The global financial crisis and the Euro debt crisis have permanently changed the situation on the financial markets. This is reflected in the regulations as well as in extensive economic policy measures which have led to the current low-interest phase and have consequences for providers and recipients of financing. Not only have the access to financing and the conditions for debtors improved, but the risk assessment of debtors before and during the credit period is becoming increasingly important as well.
The current “Financial Covenants in Corporate Financing 2014” study by Roland Berger Strategy Consultants and HHL Leipzig Graduate School of Management focuses on an important instrument of defense for creditors – covenants in loan agreements between creditors and debtors. They are becoming increasingly popular in the German-speaking economic area. The study is based on a survey of about 100 companies from Germany, Austria and Switzerland.
Prof. Dr. Henning Zülch, Holder of the Chair of Accounting and Auditing at HHL Leipzig Graduate School of Management, comments, “As expected, companies are much more optimistic today, after the Euro debt crisis, than at the time when Roland Berger conducted the last survey in 2009. The opportunities for companies to fund themselves using borrowed capital and the conditions connected to borrowing have improved. The majority of companies, however, doubt the stamina of this beneficial financing environment. The companies expect stricter lending criteria – for new loans in particular – and a growing significance of internal financing in the medium term with regard to the future economic development and its consequences for financial planning.”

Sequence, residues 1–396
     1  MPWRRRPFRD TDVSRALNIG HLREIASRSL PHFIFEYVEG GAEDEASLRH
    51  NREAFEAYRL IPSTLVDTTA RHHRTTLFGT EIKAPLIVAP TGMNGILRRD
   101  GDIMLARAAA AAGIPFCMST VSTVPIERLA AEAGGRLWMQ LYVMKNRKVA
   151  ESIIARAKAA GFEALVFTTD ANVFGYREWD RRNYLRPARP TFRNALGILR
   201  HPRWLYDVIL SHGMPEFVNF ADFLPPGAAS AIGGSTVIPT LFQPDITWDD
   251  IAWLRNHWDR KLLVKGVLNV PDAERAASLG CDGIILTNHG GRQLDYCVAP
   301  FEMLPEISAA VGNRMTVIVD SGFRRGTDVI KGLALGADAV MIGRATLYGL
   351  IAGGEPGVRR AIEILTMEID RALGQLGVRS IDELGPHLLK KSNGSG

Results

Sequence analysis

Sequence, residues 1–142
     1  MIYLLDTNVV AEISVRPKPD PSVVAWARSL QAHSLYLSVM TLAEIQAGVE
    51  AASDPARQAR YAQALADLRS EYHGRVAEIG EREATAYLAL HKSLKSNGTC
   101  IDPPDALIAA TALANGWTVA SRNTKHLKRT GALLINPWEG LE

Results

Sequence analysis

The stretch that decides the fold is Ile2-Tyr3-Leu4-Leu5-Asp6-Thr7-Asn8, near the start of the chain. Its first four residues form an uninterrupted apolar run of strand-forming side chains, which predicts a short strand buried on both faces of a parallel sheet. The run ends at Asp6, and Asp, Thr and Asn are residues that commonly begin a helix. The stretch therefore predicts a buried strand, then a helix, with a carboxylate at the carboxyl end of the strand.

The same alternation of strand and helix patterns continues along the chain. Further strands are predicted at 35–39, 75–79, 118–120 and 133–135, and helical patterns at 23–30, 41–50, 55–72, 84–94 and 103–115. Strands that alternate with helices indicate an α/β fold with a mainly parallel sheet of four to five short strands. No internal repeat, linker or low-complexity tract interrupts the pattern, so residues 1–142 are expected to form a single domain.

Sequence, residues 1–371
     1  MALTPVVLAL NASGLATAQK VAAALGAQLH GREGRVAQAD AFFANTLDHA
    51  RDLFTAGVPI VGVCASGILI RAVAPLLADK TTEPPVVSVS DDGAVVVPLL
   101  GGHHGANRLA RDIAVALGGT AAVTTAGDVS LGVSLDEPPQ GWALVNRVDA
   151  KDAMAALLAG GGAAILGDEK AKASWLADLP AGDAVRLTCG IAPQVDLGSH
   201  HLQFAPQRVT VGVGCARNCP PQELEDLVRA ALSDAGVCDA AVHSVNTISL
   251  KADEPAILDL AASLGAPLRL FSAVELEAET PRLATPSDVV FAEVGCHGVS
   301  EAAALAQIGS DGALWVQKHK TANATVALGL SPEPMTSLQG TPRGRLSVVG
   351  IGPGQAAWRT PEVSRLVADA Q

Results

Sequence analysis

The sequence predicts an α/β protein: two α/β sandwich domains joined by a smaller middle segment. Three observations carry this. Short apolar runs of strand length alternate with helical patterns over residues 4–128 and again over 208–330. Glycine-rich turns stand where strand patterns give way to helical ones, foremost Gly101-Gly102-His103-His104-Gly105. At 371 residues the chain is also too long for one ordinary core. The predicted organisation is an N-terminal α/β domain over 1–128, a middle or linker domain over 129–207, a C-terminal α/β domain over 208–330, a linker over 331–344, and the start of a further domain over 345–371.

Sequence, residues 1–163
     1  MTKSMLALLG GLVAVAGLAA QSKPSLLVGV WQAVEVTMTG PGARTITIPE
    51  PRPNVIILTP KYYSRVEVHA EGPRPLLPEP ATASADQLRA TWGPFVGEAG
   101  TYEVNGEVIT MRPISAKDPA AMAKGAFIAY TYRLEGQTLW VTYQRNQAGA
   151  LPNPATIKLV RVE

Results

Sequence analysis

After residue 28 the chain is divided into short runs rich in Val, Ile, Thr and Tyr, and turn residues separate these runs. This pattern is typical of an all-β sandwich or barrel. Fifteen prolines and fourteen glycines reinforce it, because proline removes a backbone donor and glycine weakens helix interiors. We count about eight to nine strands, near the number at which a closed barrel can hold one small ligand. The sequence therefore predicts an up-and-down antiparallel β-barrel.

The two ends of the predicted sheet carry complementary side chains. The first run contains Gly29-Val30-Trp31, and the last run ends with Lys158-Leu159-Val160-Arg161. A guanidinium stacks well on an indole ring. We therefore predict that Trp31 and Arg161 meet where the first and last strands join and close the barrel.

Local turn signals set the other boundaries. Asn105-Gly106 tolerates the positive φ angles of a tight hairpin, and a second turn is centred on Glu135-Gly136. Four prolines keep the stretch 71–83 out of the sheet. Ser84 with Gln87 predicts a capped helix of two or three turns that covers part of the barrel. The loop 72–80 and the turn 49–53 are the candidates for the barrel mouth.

According to the recent study, financial covenants continue to be quite widespread in the German-speaking area in 2014 as well. Compared to the 2009 period under review, the key figures and reporting figures have hardly changed at all. The creditors are expected to tighten their policies on information requirements and the consequences of covenant violations, which are currently being handled rather loosely.
In general, financial covenants have been established as a permanent central instrument of defense for creditors in the German-speaking area. The type and combination of key figures as well as the reporting schedule are essentially detached from the cyclical and financial background. Prof. Zülch forecasts, “If the financing conditions deteriorate again, as expected, particularly for non-listed, medium-sized enterprises, the strategic degrees of freedom for new covenant agreements will decrease and their enforcement with regard to the adjustment of the loan conditions will tighten again.”
“Companies building on covenants in the future should ensure that their business models and the effects on the key financial figures are comprehensively accounted for when preparing financial plans,” advises Dr. Matthias Holzamer, financial expert at Roland Berger Strategy Consultants. In the event of a covenant violation, external mediators play an important role as they may help to reinstate trust between the companies and the financing banks.
Dr. Matthias Holzamer therefore concludes, “Financial covenants become increasingly important for corporate finances, particularly when the financial economy is about to undergo changes. Companies, which are able to anticipate that change and adjust their financial policies accordingly, will have better chances in the future.”
The study is available for download at www.rolandberger.de/pressemitteilungen